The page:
Branigin Lectureships--  Application Deadlines  April 15, 2011
For More information visit: or contact John Bodnar
Deadline for receipt of applications: December 1, 2010

Title VIII Research Scholarships lasting three to nine months are available to academic participants in the early stages of their career (before tenure) or scholars whose careers have been interrupted or delayed. For non-academics, an equivalent degree of professional achievement is expected. Eligibility is limited to the postdoctoral level for academic participants, although doctoral candidates in the process of completing a dissertation may apply. Applicants must be U.S. Citizens. Research proposals examining the countries of Central Eurasia are eligible. Those proposals related to regional Russia, Ukraine, Central Asia, Belarus, the Caucuses, and contemporary issues are particularly welcome.

Grants available include:
1. Research Scholar Grants. The Kennan Institute offers resident grants to scholars to utilize the unique resources of the Washington area. The Title VIII Research Scholar program is open to academic participants in the early stages of their career (before tenure) or scholars whose careers have been interrupted or delayed, and provides 3 to 9 months of support-including office space, a research intern, and special borrowing privileges at the Library of Congress.

2. Short-Term Grants.  Title VIII Short-Term Grants provide up to 30 days of stipend support and use of Institute facilities to conduct research in Washington, and are open to scholars who either possess a doctoral degree or are doctoral candidates who have nearly completed their dissertations.

3. Summer Research Grant. Scholars who conduct research in the social sciences or humanities focusing on the former Soviet Union (excluding the Baltic States), and who demonstrate a particular need to utilize the library, archival, and other specialized resources of the Washington, D.C. area can apply for the new Summer Research grant. The summer grants must be used between May-September 2011, and grant applicants are required to hold an MA degree or higher. The Summer Research Grant will provide a stipend of $3,200 per month, support for a summer intern, and access to the facilities of the Kennan Institute, including its library. The Kennan Institute cannot provide office space for Summer Grant scholars.  Travel and accommodation expenses also are not directly covered by this grant.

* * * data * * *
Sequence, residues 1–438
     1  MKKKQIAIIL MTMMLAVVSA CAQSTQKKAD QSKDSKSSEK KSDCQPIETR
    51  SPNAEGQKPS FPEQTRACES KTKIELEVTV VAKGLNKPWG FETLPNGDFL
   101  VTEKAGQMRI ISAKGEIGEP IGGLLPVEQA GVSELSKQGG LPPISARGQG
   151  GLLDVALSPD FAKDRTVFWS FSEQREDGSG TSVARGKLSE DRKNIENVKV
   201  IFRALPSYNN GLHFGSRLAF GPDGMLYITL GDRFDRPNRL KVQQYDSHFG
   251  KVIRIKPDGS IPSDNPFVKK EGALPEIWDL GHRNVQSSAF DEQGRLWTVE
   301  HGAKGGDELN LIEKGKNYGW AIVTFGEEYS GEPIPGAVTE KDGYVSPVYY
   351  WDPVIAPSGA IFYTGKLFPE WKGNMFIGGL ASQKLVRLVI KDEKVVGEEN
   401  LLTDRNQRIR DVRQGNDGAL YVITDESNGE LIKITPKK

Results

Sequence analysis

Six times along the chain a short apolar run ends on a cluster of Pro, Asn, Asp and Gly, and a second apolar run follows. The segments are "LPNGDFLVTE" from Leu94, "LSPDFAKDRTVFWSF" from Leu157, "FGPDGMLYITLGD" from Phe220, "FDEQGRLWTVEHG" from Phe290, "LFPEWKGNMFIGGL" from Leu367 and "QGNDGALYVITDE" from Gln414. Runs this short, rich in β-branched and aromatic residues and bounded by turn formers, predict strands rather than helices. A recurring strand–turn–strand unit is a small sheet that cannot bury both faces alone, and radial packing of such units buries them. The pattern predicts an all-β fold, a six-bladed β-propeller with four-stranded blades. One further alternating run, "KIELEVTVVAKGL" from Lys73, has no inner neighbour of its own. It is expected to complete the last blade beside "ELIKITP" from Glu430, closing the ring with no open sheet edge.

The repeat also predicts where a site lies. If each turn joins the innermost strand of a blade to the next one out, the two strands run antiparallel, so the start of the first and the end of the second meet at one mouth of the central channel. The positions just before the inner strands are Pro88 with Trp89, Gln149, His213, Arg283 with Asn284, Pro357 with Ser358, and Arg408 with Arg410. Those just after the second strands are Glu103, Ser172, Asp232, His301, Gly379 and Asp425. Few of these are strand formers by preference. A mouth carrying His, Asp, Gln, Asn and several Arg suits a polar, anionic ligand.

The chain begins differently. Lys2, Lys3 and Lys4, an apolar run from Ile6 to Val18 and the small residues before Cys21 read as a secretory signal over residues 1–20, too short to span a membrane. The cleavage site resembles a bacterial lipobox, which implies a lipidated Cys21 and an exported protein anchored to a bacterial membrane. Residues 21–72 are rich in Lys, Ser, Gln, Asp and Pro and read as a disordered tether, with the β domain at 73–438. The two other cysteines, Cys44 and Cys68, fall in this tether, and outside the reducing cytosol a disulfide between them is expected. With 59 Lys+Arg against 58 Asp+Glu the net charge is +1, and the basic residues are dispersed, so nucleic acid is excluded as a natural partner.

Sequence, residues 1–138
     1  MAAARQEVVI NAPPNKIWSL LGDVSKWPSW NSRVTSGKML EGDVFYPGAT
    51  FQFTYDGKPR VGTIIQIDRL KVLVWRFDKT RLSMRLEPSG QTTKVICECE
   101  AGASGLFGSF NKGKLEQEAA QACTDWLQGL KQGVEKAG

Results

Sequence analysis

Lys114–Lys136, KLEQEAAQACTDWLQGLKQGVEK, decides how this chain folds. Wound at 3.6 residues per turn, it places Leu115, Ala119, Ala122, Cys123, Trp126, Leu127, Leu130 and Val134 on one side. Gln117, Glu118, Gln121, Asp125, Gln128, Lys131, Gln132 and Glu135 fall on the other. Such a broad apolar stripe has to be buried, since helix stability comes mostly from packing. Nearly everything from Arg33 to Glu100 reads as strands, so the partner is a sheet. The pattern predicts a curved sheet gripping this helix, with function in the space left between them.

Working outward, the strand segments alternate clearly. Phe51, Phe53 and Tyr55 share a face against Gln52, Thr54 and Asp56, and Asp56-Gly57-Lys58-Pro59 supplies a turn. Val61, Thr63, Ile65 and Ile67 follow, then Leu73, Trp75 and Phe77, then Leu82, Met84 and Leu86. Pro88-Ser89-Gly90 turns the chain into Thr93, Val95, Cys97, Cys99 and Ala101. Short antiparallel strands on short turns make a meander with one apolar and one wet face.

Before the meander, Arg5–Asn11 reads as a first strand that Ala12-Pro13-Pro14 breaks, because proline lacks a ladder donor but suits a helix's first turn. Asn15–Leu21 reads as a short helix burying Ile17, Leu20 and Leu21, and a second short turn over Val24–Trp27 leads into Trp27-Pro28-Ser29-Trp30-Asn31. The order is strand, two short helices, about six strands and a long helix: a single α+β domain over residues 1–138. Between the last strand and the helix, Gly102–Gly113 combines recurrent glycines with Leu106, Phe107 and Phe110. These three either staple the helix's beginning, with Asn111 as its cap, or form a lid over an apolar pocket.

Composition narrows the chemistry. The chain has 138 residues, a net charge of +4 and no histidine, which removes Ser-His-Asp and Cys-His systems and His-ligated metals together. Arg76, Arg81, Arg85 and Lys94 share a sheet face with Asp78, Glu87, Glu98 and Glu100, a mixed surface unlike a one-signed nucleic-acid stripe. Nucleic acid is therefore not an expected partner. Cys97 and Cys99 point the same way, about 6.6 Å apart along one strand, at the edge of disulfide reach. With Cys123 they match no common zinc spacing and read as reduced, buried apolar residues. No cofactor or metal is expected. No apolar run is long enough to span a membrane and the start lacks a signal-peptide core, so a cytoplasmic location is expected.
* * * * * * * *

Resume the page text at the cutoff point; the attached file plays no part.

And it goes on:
The deadline for the Research Scholar and the Summer Research grants is December 1, 2010. The Short-Term grant competition takes place on a quarterly basis, and the next deadline for Short-Term grants is also December 1, 2010.  Please note that there has been a change in the eligibility requirements.  Title VIII awards are limited to applicants who are U.S. citizens upon commencement of their scholarship. 

For more information, please visit:

Deadline: Thursday, October 25, 2010

In academic year 2010 - 2011 the Polish Studies Center is offering two grants-in-aid, one student award and one faculty award, to support travel for activities related to scholarship in Polish Studies. Each grant provides up to $500 in support of travel to a conference to make a presentation in the field of Polish Studies. The grant may also be used towards the cost of other research-related travel.
A selection committee appointed by the Director of Polish Studies will read all applications.
 Applicants should submit the following to the Polish Studies Center:
            •         A current c.v.
•         An abstract of your conference paper, or a half-page statement explaining the
           nature and purpose of your travel.
•         If you are attending a conference, a copy of the acceptance letter or invitation
•         Itemized budget of expected expenditures.

The award will be processed after travel is completed. Recipients will be informed about the necessary procedures for reimbursement.

Complete submissions should be received at the Polish Studies Center by Thursday, October 25, 2010.

Please contact Gosia Swearingen at the Polish Studies Center for more information: 812-855-1507 or by e-mail:

Other Announcements:
1.      Wednesday, October 20: 1956 Hungarian Revolution Celebration
5:30 to 7:30, Indiana Memorial Union - University Club

The Hungarian Cultural Association cordially invites you and your family to our celebration in observance of the 1956 Hungarian Revolution.  The reception will be held on Wednesday, October 20th from 5:30 to 7:30 in the IMU University Club.

Please join us for this annual commemoration of the events of 1956.  Authentic Hungarian refreshments will be served.

2.      Tuesday, October 26: Gardens for Peace and Reconciliation: Light Supper and a Conversation with the American Friends Service Committee
6:00 to 8:00 PM, Bloomington Friends Meeting, 3820 Moores Pike (just west of Smith Rd.)